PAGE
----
If you go to college and achieve getting a degree in a major that you are passionate about, there is more satisfaction in the job (shu). When obtaining a college degree, people are more likely to become homeowners. Also, according to SNHU, “A 2016 report from real estate company Zillow found that 75% of all home buyers were college-educated in that year, compared to just 11% who had a high school diploma only and 14% who attended some college but did not earn a degree” (SNHU).
Even with all those benefits that come with going to college, there are many factors that can put people off. Personally, there can be obstacles such as not knowing which college to choose, fear of socially not fitting in, not doing well in classes due to their performance in high school, and many more (IMAGINE AMERICA). Choosing a college can be very difficult at times, especially when you’re not sure which major you want. Although it may be difficult and stressful, there are many options available to assist you in choosing a major best fitted to you. (IA).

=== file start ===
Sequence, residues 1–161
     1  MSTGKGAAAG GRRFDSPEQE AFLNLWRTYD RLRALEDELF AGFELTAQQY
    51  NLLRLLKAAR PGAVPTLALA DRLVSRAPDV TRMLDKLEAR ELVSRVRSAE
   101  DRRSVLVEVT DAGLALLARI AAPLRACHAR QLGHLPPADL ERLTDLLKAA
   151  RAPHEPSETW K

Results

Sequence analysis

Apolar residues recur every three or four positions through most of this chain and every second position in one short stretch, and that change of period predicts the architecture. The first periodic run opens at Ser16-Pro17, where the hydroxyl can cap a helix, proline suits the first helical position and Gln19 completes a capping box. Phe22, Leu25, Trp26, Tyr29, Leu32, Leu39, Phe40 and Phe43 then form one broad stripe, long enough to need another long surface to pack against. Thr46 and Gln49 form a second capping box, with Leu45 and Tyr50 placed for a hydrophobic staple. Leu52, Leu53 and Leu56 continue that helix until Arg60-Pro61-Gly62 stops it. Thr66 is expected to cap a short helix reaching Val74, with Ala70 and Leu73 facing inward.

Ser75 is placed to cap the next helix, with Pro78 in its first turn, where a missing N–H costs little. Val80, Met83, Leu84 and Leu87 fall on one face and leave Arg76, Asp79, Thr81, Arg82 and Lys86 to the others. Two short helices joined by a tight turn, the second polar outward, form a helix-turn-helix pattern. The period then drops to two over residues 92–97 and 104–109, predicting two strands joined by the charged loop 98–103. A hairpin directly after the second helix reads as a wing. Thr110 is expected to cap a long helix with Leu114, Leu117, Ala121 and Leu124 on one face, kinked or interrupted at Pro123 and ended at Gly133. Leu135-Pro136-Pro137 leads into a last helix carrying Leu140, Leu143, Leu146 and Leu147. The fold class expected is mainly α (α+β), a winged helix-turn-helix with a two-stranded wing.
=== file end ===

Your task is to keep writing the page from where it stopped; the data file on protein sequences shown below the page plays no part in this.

Another obstacle is discouragement. Discouragement can come from becoming the first one in the family to go to college, along with knowing you didn’t do well in high school, so you think you won’t do well in college courses (IMAGINE AMERICA). Colleges offer more tutoring to make sure that you understand what you are learning. Being the first one to go to college can be very nerve-racking and can often deter students. A large factor in why people don’t go to college is the cost of (IA). College can be a huge reason why people don’t go due to the inability to afford it.